Latin American Languages


The Center for Latin American Studies, in collaboration with the Department of Spanish and Portuguese Studies and the Department of Languages, Literatures and Cultures offers courses and sponsors study abroad programs for a variety of less commonly taught Latin American Languages.

Brazilian Portuguese

Courses in Brazilian Portuguese language and Luso-Brazilian culture may be taken for credit toward an undergraduate certificate or minor in Latin American studies or toward a specialization in Brazilian Studies for the MA degree in Latin American Studies. Several study abroad programs in Brazil are available for semester or summer study. US graduate students with interest in studying Portuguese during the academic year or the summer may apply for a FLAS Fellowship. Libby Ginway and Andrea Ferreira are UF’s Portuguese faculty.

The Center for Latin American Studies partners with and supports the American Organization of Teachers of Portuguese (AOTP) through its publication of the Portuguese Language Journal.

Haitian Creole

Courses in beginning and intermediate Haitian Creole language and culture are offered at UF during the academic year. For summer study of Haitian Creole, students should consider enrolling in the Haitian Summer Institute sponsored by the Latin American and Caribbean Center of Florida International University in Miami. US graduate students with interest in studying Haitian Creole during the academic year or the summer may apply for a FLAS Fellowship. Benjamin Hebblethwaite is UF's Assistant Professor of Haitian Creole.


Aymara is a less commonly taught indigenous language of the Andes of Bolivia and Peru. It is presently taught outside the Andean region by the University of Pittsburgh and the University of Chicago on a sporadic basis. The Center’s Aymara on the Internet project, funded by a three-year grant from the U.S. Department of Education Title VI program, developed a free, online, self-guided Aymara language and culture learning program. The content of the program, derived from forty years of linguistic work by Dr. M.J. Hardman, represents the equivalent of a four-semester, university level language-learning track. Users are able to access cultural notes, language exercises, and self-administered tests for free. The learning module and learning object database are useful tools for both teaching and research. A unique feature of this project is its tri-lingual emphasis: the program is delivered in English, Spanish, and Aymara, permitting users with no English proficiency to access the material directly.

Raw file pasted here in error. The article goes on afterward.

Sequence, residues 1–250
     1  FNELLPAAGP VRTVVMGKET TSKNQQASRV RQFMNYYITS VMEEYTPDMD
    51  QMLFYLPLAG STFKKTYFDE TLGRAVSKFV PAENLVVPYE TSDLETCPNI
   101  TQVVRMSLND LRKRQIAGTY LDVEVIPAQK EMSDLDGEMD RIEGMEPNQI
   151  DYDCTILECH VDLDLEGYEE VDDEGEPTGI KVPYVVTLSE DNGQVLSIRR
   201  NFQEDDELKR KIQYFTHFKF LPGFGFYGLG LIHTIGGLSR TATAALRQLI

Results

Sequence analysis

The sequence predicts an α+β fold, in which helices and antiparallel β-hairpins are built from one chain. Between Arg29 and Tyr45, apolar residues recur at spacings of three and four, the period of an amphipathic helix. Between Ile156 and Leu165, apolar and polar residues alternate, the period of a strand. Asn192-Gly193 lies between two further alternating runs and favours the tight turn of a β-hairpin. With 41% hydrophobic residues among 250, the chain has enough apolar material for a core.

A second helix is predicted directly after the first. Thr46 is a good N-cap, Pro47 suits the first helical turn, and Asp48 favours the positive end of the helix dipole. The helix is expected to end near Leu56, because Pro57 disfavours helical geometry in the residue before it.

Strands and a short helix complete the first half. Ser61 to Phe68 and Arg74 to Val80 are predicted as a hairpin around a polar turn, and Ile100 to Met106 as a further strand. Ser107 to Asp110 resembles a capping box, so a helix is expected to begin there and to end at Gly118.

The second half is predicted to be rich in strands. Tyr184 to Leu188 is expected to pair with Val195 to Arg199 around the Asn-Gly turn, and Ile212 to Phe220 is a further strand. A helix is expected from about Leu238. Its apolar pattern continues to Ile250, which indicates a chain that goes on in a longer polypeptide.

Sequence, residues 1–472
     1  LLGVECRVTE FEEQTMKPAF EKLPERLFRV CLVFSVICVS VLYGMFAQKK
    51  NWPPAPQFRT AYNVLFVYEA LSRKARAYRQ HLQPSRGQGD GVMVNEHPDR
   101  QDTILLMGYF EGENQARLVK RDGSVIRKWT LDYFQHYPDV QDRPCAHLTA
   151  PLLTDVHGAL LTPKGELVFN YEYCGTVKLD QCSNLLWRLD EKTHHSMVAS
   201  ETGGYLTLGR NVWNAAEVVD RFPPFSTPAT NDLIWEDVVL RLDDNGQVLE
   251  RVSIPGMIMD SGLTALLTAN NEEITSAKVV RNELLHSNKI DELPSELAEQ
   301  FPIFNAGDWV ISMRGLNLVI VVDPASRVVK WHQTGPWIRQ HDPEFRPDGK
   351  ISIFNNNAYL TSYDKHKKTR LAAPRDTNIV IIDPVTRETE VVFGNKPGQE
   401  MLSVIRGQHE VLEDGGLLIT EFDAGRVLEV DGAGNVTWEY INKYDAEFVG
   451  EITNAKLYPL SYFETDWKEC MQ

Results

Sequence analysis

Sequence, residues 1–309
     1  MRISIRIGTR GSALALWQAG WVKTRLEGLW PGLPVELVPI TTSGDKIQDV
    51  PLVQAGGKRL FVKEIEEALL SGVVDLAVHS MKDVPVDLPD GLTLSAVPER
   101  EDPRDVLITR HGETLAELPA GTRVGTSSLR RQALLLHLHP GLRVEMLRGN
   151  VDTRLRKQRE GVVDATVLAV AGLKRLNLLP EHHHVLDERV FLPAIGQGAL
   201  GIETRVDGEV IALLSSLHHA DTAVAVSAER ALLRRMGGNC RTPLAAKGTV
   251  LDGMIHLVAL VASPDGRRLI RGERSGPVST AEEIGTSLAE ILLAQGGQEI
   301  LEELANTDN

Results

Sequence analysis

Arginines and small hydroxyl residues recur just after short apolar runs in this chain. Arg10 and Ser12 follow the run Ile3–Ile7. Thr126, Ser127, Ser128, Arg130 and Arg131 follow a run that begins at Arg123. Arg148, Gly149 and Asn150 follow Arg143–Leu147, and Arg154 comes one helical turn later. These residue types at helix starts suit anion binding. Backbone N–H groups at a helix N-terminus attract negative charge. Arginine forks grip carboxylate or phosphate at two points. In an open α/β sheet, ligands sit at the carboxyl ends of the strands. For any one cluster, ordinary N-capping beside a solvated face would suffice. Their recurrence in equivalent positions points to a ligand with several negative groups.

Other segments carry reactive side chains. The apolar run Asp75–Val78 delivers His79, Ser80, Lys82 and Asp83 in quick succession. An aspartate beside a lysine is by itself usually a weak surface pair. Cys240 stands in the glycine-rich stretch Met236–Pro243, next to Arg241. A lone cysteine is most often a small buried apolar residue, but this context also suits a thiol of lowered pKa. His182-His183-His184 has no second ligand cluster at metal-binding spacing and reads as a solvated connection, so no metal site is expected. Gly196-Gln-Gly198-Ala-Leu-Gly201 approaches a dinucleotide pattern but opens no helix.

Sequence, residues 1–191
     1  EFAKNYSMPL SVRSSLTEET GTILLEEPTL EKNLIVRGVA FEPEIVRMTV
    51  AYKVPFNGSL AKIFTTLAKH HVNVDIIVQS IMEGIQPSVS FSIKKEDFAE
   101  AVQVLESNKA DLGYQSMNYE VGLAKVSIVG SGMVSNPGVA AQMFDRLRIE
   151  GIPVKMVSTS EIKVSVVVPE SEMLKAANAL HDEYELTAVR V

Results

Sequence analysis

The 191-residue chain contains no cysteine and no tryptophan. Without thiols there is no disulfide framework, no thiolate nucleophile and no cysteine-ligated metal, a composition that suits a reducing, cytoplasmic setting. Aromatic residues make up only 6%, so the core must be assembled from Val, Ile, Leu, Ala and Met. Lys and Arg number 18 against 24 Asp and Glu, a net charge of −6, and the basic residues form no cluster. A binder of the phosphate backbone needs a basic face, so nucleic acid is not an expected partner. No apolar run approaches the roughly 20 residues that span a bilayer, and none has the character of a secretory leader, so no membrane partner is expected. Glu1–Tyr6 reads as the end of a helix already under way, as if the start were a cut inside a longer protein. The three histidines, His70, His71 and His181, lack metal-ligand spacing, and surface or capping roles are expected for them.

The target audiences for the program are professional linguists interested in Andean languages, university students of linguistics and indigenous languages of the Andes region, civil servants in government agencies, field workers, the approximately three million speakers of Aymara and related languages in Peru, Bolivia, and Chile, and third-generation descendants who wish to recover the lost language of their ancestors. This project will benefit academic programs and students of linguistics and anthropology in universities around the world without resident Aymara expertise by providing ready-made materials, available in both online and CD format.

Jaqaru and Kawki

A grant from the National Science Foundation is funding work to document the endangered Jaqaru and dying Kawki languages, which are members of the Jaqi family of languages (along with Aymara). Jaqaru is spoken in the Andes Mountains of Peru and in the cities of Lima, Huancayo, Chincha, and Cañete by a few thousand people, while Kawki is spoken by only a few people near Chavin, Cachuy, and Lima, Peru. Drawing upon the work of Dr. M.J. Hardman, this project will transform a corpus of 50 notebooks of texts, audiotapes, digitized photographs and related linguistic data into an accessible, archived linguistic research database. The materials will be archived and linked through two digital archives, the Archive of the Indigenous Languages of Latin America at the University of Texas, Austin, and UF Digital Collections.

Other Latin American Languages

The Consortium of Latin American Studies Programs maintains a comprehensive list of summer programs in less-commonly taught and indigenous Latin American languages offered by universities throughout the United States.